by Pam Ripling
A little late, you say? Not for Chinese New Year! Traditionally, the New Year begins with the first New Moon and ends with the first Full Moon, in this case, February 9th. And it just so happens that I will be visiting friends and family in Singapore during that time, so will get to celebrate FIRST HAND!
I just learned some very interesting things about CNY. I was reading THE KITCHEN GOD'S WIFE by Amy Tan (you remember her, from THE JOY LUCK CLUB?) Well, anyway, the characters in KITCHEN GOD celebrate the New Year and the main character, who is a little girl at the time, describes all the hard work that goes into preparing for the holiday, and how symbolic each act is. First, the home must be cleaned top to bottom before New Year's Day. No dust or dirt must be allowed to carry over into the new year. Note: You may not sweep the dirt out the front door of the home, else you are sweeping away all the good fortune of the family.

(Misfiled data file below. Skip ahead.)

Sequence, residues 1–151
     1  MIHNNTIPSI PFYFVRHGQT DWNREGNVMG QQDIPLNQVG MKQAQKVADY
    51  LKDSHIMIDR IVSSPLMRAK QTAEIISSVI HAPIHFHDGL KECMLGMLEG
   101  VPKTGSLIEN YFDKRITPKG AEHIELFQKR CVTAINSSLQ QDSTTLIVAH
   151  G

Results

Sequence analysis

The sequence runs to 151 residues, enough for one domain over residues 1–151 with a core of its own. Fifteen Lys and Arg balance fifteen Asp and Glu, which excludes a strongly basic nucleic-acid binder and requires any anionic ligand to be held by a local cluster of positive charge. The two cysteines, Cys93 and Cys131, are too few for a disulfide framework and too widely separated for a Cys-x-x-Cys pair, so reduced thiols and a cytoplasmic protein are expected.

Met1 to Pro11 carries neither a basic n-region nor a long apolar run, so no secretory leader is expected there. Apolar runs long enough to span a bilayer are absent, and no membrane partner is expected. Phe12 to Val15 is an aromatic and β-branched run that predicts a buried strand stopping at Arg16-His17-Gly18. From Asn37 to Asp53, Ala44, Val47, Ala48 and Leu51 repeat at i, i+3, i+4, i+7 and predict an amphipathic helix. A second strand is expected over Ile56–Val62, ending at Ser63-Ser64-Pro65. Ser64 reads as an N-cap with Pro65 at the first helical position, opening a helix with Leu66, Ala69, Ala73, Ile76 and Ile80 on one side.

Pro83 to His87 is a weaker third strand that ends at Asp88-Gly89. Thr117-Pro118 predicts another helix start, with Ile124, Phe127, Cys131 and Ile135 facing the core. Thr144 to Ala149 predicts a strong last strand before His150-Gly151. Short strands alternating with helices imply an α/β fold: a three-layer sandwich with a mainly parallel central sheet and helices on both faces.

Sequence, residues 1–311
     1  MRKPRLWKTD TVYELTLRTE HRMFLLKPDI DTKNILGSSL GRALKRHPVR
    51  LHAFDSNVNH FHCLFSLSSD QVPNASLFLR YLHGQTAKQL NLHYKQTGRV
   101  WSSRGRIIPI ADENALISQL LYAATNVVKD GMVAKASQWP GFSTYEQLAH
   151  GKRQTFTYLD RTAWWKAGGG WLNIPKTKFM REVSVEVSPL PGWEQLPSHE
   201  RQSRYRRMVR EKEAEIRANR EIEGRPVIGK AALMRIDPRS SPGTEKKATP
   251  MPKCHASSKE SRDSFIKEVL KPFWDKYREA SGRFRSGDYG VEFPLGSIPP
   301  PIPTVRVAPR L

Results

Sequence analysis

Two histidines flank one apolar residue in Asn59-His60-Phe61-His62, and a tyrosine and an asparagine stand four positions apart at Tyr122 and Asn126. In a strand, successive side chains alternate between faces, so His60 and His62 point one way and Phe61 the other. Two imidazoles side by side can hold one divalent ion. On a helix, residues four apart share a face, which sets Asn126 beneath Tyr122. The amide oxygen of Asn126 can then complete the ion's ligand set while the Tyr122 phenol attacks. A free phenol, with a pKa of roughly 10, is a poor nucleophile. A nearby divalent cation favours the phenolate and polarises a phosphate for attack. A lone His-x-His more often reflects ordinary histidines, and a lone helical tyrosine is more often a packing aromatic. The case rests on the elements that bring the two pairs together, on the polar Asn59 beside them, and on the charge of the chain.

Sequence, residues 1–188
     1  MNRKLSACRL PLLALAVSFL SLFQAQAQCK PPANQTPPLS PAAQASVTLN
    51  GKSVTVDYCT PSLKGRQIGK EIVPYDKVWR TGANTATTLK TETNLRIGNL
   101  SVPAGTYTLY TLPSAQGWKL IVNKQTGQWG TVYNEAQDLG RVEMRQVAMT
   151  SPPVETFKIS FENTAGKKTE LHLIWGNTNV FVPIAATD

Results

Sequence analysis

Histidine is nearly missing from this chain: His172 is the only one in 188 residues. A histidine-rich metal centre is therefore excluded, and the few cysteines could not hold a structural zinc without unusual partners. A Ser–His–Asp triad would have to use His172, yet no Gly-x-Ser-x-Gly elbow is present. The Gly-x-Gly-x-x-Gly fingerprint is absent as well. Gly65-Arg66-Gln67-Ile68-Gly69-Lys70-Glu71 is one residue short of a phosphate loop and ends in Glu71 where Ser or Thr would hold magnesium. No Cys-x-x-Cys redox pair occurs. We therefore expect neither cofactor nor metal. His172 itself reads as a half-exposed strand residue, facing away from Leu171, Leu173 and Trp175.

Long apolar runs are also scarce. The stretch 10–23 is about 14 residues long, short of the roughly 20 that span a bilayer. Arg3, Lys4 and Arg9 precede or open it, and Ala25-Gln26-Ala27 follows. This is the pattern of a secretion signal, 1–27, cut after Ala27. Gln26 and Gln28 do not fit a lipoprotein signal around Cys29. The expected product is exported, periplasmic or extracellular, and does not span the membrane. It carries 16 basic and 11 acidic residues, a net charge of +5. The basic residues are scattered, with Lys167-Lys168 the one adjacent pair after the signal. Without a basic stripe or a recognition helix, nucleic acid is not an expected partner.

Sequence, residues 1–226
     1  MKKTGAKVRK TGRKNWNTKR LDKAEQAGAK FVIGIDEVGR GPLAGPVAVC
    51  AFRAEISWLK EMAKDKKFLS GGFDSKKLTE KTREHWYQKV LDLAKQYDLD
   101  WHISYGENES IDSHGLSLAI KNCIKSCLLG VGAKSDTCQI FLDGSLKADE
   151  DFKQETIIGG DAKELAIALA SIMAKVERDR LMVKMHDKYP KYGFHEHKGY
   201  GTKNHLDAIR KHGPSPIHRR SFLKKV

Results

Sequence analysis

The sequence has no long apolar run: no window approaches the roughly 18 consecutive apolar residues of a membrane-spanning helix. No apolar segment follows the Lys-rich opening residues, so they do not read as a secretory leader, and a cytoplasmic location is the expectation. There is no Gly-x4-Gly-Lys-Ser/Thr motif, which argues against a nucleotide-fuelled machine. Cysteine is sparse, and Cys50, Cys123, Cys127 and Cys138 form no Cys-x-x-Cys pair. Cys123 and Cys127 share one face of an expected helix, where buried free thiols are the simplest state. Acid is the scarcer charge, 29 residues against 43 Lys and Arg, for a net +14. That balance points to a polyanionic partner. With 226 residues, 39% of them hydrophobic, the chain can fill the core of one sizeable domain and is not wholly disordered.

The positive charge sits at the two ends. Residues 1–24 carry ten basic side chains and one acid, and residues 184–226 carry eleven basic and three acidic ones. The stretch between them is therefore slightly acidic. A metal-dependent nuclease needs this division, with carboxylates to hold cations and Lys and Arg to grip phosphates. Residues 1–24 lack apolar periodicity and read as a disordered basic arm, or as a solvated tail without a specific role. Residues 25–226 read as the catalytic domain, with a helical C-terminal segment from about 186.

All debts must be paid up. All items needing mending must be repair. The symbolism comes into play here - a hole in the bottom of your pocket could allow all your luck to escape; a frayed sleeve can mean your happiness could unravel in the coming year.
There should be no tears on new years, else the one crying will be crying all year. For this reason, parents are usually more lenient with their children during this time.
I enjoyed reading about these customs and traditions, and it makes me think that we could take a lesson. Would it not be a great thing to, once a year, reset your life back to middle? Get rid of all the junk, all the broken, all the dirty, all the IOU's, and start fresh, setting a tone for the rest of the year?
Pam Ripling is the author of middle grade mystery, LOCKER SHOCK! Buy it at Quake!
1 day ago